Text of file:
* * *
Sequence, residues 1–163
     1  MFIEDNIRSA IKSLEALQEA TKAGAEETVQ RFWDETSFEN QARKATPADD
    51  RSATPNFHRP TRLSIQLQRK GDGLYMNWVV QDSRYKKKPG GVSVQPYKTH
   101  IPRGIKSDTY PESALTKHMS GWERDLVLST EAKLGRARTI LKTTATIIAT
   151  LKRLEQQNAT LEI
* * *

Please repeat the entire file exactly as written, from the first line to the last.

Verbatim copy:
Sequence, residues 1–163
     1  MFIEDNIRSA IKSLEALQEA TKAGAEETVQ RFWDETSFEN QARKATPADD
    51  RSATPNFHRP TRLSIQLQRK GDGLYMNWVV QDSRYKKKPG GVSVQPYKTH
   101  IPRGIKSDTY PESALTKHMS GWERDLVLST EAKLGRARTI LKTTATIIAT
   151  LKRLEQQNAT LEI